So apparently there’s going to be a Borderlands 2 skill tree that emphasizes a support role, where the character can summon a robot to tank for her. And the lead designer called that “girlfriend mode.” This actually happened a bit ago, and the president of Gearbox has since come out against the nickname.
But still. Um… wow.
As full disclosure, I have not personally played Borderlands. I watched Mike play it, and it looked kind of fun if you’re in to first person shooters, which I am manifestly not. I haven’t liked them since the first time I tried one out, which was, oh gosh, back when Doom first came out. I find them a bit stressful for something that’s supposed to be fun.
I also have ovaries. Personally, I don’t think these two facts are related.
I could go on and on about how girls do too play first person shooters, but I’m not going to. A lot of other people already have. The thing I’m more annoyed by is the way playing as support is often couched in incredibly dismissive terms, which is why I think it’s worth pointing at an article that’s over a week old.
To begin with, often in classical fantasy literature and roleplaying games, the healers and support characters are depicted as women. That’s probably where a lot of this got started. Maybe we’re supposed to be more nurturing, and thus somehow averse to hitting kobolds in the head with a club. That’s transfered through into video games as well – in any of the rpgs I’ve played, one of the female characters is always the white mage/healer.
I played World of Warcraft for years; during the Wrath of the Lich King expansion I actually raided 3-4 times a week and eventually took down the Lich King. I didn’t hear that kind of dismissive talk in my guild – considering my co-GM and I are both women and both played healers it would have taken a special kind of dumb to say that out loud even if someone actually thought it – but it’s definitely something that was around in the wider game. Gaming culture in general has a misogyny problem.
This is the reason it bugs me, though – support is hard. I’ve played as all three roles – tank, healer, dps – in a multitude of game. I tend to find dps kind of boring, particularly ranged dps. (Face roll to victory, guys!) I actually did enjoy playing as tank, but only did it infrequently because I got tired of people being giant shitcocks to me. (Why people are jerks to tanks, I will never understand.) Healing was where I spent most of my time. I found it just as challenging as tanking, and honestly more interesting. Keeping someone alive while they’re being punched repeatedly in the fact by a giant monster is not a simple task.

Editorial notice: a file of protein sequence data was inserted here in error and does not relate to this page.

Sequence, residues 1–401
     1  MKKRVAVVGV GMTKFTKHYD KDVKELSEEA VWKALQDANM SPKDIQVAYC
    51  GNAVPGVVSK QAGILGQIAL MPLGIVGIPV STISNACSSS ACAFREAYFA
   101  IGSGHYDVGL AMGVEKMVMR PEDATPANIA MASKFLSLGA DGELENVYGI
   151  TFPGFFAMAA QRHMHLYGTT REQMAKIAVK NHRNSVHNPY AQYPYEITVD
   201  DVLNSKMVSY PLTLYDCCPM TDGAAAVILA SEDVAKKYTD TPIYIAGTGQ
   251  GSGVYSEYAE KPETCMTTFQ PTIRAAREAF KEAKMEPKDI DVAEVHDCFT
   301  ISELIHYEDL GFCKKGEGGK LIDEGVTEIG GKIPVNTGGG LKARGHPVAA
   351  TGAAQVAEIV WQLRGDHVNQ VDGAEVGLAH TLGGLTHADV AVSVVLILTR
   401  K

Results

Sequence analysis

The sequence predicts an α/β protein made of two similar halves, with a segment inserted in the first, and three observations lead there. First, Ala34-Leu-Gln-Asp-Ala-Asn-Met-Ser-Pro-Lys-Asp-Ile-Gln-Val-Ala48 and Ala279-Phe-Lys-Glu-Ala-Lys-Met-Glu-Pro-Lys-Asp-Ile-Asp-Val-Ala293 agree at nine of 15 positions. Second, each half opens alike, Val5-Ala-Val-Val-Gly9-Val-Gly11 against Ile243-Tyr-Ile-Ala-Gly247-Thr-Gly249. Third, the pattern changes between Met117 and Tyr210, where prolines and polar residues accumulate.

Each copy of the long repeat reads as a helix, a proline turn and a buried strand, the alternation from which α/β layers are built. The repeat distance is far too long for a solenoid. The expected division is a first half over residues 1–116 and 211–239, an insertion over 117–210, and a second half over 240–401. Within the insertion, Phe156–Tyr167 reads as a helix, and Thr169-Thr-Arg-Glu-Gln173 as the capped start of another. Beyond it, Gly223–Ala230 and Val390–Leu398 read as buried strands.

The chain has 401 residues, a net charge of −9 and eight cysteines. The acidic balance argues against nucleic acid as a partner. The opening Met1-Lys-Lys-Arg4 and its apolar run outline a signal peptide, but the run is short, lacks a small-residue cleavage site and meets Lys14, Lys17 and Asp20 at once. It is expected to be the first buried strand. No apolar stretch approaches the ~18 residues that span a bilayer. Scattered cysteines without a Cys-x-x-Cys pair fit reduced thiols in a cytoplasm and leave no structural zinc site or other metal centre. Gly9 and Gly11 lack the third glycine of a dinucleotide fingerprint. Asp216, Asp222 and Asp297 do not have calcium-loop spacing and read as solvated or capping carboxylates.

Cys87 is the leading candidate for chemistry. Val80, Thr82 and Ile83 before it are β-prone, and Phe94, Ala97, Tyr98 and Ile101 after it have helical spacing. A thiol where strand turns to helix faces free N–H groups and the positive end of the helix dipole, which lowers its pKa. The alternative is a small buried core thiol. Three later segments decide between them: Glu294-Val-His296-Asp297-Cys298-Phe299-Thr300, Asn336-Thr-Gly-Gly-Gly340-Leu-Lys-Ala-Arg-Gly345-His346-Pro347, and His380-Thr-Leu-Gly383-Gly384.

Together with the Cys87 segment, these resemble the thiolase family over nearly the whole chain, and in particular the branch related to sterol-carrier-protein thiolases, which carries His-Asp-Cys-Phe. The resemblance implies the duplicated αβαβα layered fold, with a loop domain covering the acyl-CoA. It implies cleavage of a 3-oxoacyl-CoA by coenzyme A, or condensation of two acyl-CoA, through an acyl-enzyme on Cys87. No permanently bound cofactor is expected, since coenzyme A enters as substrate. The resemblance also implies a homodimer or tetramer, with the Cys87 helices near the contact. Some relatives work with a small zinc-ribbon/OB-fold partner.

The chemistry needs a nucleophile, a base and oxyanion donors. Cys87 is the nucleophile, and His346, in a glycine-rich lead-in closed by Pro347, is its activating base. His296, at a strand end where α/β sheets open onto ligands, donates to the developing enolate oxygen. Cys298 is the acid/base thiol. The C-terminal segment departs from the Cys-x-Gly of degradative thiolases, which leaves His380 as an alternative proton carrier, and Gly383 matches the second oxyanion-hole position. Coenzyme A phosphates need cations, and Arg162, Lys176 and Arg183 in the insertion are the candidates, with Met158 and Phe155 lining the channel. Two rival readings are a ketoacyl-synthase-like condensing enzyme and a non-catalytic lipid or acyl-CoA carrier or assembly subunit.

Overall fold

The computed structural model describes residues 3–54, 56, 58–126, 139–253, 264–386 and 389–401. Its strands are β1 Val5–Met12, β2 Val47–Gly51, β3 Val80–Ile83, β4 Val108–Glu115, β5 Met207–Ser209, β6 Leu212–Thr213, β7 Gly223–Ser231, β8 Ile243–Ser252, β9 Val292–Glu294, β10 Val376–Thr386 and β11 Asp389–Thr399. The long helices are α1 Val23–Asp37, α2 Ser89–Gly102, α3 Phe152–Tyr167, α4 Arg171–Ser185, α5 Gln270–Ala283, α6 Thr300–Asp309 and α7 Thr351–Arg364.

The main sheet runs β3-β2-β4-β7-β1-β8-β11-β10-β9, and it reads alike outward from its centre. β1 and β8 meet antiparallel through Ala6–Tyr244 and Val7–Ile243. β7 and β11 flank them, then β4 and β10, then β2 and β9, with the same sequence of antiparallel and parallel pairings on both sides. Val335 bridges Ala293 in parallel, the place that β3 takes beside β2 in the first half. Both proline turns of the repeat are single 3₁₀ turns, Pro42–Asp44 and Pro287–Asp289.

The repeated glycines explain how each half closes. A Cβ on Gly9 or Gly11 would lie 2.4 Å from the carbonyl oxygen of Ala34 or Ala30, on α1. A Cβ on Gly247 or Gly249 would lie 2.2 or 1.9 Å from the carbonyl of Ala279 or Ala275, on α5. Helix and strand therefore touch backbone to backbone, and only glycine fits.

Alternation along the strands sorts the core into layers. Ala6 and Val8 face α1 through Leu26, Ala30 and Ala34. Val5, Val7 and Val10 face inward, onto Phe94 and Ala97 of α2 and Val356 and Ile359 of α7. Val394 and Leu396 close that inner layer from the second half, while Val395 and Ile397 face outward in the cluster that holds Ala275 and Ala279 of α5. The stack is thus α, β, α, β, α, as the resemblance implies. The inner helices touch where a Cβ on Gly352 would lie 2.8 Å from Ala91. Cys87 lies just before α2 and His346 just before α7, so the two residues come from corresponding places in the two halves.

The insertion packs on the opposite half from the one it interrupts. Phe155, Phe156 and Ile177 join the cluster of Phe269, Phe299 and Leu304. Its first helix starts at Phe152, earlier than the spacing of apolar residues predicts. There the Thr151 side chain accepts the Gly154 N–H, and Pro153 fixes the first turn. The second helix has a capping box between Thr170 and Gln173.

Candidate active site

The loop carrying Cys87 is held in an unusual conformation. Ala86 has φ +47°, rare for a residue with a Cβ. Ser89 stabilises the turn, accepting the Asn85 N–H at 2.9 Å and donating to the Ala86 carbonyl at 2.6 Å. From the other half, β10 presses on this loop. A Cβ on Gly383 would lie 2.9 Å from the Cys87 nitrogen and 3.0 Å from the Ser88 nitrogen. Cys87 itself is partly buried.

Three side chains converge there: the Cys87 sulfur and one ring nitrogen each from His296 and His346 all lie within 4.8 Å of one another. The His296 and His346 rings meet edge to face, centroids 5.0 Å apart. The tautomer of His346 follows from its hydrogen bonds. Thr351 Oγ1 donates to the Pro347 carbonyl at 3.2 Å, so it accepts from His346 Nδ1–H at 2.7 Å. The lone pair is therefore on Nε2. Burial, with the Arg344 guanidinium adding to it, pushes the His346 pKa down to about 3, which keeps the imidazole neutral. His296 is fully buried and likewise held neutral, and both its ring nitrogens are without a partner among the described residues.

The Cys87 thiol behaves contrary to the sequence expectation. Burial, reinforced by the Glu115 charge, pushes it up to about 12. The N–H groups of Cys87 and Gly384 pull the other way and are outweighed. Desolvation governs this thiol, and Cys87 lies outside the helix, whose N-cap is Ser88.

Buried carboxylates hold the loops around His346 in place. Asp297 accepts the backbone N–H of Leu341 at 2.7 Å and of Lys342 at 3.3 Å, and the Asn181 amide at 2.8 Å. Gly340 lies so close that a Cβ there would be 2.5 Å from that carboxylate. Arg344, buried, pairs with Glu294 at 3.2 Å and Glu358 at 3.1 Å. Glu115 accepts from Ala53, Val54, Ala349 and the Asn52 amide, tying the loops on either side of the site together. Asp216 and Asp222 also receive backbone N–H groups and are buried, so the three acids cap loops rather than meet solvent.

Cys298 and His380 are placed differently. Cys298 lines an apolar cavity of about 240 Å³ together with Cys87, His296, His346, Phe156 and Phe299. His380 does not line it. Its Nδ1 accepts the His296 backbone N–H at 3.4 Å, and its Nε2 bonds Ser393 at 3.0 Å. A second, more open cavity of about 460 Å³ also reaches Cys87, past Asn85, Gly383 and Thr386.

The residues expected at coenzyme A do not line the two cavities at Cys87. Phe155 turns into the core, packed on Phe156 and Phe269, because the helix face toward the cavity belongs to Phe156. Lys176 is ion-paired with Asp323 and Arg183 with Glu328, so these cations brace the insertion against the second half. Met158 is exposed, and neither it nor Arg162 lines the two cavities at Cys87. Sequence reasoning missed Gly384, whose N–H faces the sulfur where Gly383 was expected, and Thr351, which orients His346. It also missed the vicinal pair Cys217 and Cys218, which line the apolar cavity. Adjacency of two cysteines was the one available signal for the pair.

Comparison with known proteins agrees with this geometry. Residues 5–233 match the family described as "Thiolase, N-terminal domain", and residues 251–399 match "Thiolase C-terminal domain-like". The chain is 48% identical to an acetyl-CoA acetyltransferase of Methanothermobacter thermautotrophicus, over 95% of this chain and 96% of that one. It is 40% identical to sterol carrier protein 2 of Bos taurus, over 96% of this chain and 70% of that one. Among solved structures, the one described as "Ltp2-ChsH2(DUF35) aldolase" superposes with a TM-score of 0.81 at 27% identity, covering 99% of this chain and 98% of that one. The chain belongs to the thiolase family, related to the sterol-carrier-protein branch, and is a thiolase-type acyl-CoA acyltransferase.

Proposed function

I think there’s a consistent narrative about women playing support in those kind of games because it often does shake out that way. The most challenging roles are tank and healer. If your boyfriend or husband is already a tank, it doesn’t make a lot of sense to roll another tank. And you want to play together so – aha! Healing! It’s challenging, important, and you get to stick with your hubby. But then, as with anything, if a lot of women gravitate toward a role, it gets pigeonholed as a “girl thing” and thus seen as lesser, not as difficult because our ladybrains can’t handle games or something.
Now, Borderlands is not World of Warcraft. But I think the narrative is the same. Oh obviously girls just do support stuff. Haha, healing, it’s so stupid despite the fact that without it the monster would eat your head and the game would be over. Maybe calling it ‘girlfriend mode’ wasn’t intended to be dismissive, though it sure came out that way when coupled with the idea that girls don’t get first person shooters. The wider culture of seeing roles and games that women like to play as worthy of mockery doesn’t help. And the implication that women only play games because we’re giant tag-alongs to our boyfriends and husbands makes the comment extra douchey.
The sad thing is, them adding a support role to the game means I’m actually curious to try it. Because I find that way more interesting than shooting things. I just hope they don’t make it too easy; support isn’t supposed to be.